and two nger widths lateral to the anterior border of the
tibia; Sp 6 (Sanyinjiao) 3 cun directly above the tip of the
medial malleoulus on the posterior border of the tibia; Kd 6
A.O. Freire et al. / Sleep Medicine xx (xxxx) 18 2
ARTICLE IN PRESS
(Zhaohai) in a depression below the tip of the medial
malleolus.
The sham acupuncture group was stimulated with the
same number of needles as the acupuncture group, and the
points were localized 1 cun from the real point, in a region
not related to any acupoints or meridians and was done
following the standards of minimal acupuncture [14]. For
the sham acupuncture group, the needles were inserted and
no manipulation was done. In the acupuncture group, the
needles were correctly inserted and manually stimulated by
lifting and rotating until the de qi sensation of heaviness
and numbness were elicited [13]. All acupuncture
procedures, as well as sham acupuncture, were performed
by an experienced physician, who was a specialist in
acupuncture, according to traditional Chinese acupuncture
methods. All procedures were performed in the afternoon
between 3 p.m. and 6 p.m. Body needles were left in situ for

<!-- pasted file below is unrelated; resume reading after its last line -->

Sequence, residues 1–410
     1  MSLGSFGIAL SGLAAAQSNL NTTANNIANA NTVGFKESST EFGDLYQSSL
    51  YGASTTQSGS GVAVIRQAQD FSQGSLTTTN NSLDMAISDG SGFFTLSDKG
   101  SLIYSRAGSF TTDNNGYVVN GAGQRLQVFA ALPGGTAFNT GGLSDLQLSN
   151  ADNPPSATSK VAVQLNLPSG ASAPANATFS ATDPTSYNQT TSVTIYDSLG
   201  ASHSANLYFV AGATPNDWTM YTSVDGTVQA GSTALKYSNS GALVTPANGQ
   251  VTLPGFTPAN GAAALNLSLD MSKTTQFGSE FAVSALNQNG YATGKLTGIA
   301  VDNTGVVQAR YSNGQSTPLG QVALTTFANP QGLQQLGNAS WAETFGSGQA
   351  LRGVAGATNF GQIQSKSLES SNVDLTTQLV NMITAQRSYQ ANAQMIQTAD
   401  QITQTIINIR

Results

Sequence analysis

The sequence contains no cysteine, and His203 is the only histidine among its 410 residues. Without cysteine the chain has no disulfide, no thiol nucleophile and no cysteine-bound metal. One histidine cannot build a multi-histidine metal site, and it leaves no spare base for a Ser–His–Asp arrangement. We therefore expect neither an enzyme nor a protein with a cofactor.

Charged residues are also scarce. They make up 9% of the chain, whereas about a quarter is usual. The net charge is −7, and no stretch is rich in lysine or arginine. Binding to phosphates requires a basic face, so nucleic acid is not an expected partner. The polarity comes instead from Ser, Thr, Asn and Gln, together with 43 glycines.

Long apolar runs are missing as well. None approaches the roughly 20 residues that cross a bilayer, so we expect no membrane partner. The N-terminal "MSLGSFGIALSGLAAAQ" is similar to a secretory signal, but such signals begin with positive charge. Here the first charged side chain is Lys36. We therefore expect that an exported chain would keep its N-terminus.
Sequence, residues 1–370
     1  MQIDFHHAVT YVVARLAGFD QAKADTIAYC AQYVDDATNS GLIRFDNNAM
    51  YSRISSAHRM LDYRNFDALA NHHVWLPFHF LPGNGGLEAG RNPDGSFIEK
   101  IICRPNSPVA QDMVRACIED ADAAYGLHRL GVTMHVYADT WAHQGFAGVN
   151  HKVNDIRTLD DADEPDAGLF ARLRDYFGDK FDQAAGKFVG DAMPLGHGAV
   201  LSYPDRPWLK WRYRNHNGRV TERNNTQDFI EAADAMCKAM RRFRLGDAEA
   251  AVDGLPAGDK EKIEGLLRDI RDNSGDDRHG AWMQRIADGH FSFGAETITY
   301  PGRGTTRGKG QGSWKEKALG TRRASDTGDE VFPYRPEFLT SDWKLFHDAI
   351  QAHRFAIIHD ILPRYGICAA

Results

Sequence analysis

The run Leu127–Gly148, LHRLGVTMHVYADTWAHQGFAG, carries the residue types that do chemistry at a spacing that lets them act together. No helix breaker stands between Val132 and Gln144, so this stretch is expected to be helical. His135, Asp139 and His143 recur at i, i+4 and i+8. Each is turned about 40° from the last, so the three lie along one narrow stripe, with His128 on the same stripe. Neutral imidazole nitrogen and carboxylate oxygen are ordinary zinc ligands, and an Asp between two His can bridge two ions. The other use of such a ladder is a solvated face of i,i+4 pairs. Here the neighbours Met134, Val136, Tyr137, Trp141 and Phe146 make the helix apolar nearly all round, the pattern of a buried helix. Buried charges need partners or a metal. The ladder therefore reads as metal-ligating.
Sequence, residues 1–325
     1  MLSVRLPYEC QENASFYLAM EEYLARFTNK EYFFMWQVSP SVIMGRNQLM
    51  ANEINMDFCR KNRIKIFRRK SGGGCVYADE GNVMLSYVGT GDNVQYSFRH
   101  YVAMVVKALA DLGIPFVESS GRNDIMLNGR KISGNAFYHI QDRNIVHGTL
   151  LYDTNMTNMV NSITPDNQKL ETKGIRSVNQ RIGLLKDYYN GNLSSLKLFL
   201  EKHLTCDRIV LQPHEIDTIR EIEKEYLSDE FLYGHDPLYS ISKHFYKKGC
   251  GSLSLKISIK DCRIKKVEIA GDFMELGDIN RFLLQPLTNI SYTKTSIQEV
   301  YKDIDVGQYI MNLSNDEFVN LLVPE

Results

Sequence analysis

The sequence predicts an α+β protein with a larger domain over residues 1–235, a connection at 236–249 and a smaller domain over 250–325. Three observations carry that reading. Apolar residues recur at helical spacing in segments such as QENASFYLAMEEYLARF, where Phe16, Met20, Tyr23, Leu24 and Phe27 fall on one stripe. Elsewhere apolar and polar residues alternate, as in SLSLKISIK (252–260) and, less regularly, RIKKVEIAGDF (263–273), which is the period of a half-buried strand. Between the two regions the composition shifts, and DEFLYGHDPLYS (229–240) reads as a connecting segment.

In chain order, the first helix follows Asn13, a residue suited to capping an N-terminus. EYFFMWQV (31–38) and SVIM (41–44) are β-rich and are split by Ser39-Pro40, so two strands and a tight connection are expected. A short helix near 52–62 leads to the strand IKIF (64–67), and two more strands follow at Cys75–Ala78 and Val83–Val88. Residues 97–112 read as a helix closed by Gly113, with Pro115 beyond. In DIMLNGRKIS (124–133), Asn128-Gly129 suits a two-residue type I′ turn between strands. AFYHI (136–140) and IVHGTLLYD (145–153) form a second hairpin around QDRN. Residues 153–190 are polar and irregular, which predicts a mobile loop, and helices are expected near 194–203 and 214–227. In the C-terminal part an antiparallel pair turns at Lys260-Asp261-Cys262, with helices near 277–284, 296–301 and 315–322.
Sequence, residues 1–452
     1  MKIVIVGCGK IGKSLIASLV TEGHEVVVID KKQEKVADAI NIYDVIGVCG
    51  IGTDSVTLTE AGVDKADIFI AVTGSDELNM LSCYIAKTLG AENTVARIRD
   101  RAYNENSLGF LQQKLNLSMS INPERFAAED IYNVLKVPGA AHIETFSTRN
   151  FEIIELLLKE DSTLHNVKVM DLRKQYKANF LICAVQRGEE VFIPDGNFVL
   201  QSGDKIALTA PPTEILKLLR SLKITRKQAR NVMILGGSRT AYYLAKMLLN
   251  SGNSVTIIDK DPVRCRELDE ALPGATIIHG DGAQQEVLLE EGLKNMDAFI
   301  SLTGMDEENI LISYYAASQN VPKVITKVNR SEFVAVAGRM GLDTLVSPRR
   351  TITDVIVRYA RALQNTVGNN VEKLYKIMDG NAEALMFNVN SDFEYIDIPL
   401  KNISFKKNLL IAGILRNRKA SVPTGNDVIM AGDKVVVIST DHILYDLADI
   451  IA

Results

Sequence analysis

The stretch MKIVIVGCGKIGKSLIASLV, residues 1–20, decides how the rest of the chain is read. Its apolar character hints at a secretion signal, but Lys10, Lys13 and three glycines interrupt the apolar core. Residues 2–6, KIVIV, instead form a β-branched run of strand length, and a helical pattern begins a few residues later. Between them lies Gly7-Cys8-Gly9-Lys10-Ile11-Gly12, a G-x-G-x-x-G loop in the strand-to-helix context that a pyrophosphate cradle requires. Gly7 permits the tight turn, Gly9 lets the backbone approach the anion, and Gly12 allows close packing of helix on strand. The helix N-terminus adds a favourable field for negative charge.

30 min. No adverse events occurred during the trial.
2.2.2. Evaluation of general health/functional status
and subjective sleepiness
General health and functional status were assessed with the
Medical Outcome Study 36-item short-form health survey
(SF-36) [15], self-administered by each subject on the day of
the rst evaluation and of the reevaluation, together with the
Epworth sleepiness scale (ESS) [16], which evaluates the
degree of sleepiness in eight different daily conditions. ESS
scores vary from 0 to 24, with increasing scores indicating
greater sleepiness. The SF-36 questionnaire yields summary
scores for each of eight health concepts. Four are considered
functional status measures (physical functioning, social
functioning, role limitation due to physical problems and role
limitation due to emotional problems), three are considered
measures of well-being (mental health, energy/fatigue and
pain), and one is a measure of overall health. As recommended
[15], raw scores for each subscale are transformed to scores
that range from 0 to 100. In all instances, a higher score is
consistent with a more positive health status.
2.2.3. Polysomnography procedures
Every subject went to bed in the laboratory at their usual
bedtime and had a minimum of 7 h of PSG recordings. The